Stuttgart (Germany) - Mercedes-Benz today announced its two first hybrid vehicles, both of which will be using conventional lithium-ion batteries, as opposed to nickel-metal versions that are used for example in the Toyota Prius or the upcoming Porsche Cayenne Hybrid .
The manufacturer said that its first hybrid, the S400 BlueHybrid will be launched "next year", becoming what the company promises to be the "world's most economical luxury sedan". Mercedes-Benz estimates that the car will run at about 28 mpg, while offering 299 hp and 277 lb-ft of torque. The S400 BlueHybrid will accelerate from 0-60 mph in 7.3 seconds a reach an electronically limited top speed of 155 mph.
Following the S400 will be the S300 Bluetec Hybrid, a diesel that is combined with the new lithium-ion battery.
Interestingly, Mercedes-Benz claims that it is the world's first manufacturer "to have succeeded in adapting lithium-ion technology to the demanding requirements of automotive applications." The company has not provided enough details to actually verify this claim, but we do have some doubts as Tesla is using lithium-ion batteries as well - and while the car is not in production yet, pre-production models are already on the road and several hundred Teslas are expected to follow before Mercedes will have the first S400 delivered to a customer.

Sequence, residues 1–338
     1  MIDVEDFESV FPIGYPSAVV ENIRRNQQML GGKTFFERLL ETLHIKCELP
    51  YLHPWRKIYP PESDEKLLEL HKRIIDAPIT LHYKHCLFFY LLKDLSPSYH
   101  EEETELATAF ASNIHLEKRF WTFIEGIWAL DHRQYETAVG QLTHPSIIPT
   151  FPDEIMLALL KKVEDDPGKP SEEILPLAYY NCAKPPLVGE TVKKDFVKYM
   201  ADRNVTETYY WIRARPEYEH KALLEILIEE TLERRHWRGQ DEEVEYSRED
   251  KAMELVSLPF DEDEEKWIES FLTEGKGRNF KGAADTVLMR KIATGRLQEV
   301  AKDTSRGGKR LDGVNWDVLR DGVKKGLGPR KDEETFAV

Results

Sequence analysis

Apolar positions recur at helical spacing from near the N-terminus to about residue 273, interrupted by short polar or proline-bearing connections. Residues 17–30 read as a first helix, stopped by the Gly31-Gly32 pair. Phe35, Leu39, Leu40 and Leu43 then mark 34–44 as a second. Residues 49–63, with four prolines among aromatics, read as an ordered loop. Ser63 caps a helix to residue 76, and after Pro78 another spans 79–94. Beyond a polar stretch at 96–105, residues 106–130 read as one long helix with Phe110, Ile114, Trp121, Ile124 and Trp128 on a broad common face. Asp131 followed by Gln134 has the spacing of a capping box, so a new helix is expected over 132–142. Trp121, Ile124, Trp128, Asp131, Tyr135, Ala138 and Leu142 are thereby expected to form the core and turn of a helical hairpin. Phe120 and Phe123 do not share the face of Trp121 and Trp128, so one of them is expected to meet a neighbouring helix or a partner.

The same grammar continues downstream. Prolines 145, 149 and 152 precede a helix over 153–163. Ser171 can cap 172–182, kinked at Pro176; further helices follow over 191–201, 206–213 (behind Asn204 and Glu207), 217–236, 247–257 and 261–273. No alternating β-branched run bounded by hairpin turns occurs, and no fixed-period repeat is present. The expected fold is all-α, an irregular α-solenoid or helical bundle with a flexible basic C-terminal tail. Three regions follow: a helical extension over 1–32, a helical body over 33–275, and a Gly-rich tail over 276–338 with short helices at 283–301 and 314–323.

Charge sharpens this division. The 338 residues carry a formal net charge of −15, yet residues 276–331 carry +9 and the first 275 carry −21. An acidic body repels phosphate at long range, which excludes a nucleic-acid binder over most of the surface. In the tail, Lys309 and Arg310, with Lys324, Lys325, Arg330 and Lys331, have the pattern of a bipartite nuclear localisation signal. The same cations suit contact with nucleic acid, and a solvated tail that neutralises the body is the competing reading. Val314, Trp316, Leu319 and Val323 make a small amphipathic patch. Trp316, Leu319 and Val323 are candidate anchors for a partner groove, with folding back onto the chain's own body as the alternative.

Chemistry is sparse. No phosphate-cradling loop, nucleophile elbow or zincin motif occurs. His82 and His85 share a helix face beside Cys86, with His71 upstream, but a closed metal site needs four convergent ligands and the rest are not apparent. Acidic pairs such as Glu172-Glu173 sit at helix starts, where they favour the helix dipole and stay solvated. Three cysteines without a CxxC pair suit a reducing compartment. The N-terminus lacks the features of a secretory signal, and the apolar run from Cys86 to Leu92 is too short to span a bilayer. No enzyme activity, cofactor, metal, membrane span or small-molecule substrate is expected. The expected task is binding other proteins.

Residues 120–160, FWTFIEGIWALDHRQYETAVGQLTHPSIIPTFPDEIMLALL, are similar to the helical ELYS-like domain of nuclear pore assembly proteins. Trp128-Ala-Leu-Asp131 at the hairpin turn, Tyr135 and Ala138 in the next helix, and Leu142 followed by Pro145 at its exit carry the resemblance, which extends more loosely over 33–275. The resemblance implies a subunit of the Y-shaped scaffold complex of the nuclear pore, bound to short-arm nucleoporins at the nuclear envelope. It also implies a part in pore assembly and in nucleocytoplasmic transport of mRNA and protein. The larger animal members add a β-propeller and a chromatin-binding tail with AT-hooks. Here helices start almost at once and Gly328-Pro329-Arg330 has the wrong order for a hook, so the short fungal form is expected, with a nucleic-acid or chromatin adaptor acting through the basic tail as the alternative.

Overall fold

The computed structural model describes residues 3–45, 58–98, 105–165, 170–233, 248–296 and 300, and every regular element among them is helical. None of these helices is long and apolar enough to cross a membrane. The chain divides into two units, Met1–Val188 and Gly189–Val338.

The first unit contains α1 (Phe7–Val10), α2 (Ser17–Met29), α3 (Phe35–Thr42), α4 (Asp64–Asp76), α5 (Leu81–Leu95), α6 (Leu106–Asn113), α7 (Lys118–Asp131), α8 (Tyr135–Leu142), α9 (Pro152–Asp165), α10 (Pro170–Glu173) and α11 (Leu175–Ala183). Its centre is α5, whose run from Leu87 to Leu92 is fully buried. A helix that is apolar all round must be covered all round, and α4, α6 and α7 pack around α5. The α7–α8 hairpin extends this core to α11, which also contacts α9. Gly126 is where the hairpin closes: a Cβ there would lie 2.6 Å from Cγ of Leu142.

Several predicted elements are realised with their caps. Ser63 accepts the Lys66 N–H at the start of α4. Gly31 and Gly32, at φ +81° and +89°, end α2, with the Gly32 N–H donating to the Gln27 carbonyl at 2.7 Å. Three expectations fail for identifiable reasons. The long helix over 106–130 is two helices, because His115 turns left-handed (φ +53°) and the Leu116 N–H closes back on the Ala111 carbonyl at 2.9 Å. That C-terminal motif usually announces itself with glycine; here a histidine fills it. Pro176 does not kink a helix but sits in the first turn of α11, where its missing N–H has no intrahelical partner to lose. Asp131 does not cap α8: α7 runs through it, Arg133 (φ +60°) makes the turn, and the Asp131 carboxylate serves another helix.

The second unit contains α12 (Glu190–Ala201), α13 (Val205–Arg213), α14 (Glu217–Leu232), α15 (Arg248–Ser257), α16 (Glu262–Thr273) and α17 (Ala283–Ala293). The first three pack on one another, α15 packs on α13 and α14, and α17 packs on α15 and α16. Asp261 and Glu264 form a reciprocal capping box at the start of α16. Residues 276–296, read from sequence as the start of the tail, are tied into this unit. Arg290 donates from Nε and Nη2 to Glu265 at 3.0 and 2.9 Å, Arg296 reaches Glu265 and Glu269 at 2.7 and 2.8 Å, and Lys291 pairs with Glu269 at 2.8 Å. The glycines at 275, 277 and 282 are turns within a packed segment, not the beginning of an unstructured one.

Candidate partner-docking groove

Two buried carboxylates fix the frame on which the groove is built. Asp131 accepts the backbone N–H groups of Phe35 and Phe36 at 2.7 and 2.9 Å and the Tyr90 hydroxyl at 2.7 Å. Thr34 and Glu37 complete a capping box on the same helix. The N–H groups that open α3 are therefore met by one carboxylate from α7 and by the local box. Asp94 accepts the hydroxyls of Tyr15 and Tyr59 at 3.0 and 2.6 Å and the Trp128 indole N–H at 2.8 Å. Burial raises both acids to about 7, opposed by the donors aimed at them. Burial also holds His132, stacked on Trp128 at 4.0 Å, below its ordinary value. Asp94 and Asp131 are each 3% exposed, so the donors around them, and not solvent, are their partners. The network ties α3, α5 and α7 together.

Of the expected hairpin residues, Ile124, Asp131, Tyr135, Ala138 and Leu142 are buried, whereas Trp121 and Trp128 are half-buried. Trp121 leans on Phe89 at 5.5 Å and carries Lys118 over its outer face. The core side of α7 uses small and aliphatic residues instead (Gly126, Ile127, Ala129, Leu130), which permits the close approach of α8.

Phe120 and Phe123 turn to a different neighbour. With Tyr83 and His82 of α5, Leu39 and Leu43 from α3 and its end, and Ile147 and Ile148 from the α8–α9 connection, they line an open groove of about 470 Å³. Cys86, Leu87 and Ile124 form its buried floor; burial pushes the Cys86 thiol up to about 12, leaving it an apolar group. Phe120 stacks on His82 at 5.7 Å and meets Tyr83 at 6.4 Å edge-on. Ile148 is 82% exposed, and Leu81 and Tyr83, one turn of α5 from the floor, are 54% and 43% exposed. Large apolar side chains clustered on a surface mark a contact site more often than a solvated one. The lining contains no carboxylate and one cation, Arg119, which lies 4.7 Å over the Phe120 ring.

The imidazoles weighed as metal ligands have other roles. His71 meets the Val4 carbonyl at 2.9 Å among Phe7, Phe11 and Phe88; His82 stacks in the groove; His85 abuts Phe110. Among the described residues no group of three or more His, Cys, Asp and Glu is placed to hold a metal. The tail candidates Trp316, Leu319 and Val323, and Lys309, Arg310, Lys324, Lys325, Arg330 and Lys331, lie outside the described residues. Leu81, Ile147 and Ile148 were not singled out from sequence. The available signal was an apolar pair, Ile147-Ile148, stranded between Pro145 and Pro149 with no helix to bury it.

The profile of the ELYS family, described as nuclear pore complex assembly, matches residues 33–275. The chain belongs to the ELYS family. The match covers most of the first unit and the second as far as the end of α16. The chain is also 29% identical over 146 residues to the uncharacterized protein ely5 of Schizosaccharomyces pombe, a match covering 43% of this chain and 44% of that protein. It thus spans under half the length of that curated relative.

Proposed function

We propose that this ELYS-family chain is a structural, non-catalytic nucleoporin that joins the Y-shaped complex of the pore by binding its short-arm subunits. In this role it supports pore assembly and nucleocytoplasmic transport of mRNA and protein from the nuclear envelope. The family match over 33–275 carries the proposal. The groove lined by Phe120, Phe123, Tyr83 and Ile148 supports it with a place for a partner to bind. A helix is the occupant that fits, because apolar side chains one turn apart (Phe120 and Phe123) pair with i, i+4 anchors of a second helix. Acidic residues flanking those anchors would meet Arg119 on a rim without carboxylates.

What we do know, however, is that the German car maker has come up with some ideas to make the battery system more efficient. For example, the battery has been integrated into the vehicle's climate control, which creates the best possible temperature environment for the system (15 - 35 degrees C). The company also claims that the lithium-ion battery is much smaller than other battery systems currently on the market, indicating that there the weight penalty may not be as serious and buyers of won't have to give up quite as much trunk space as in other hybrids.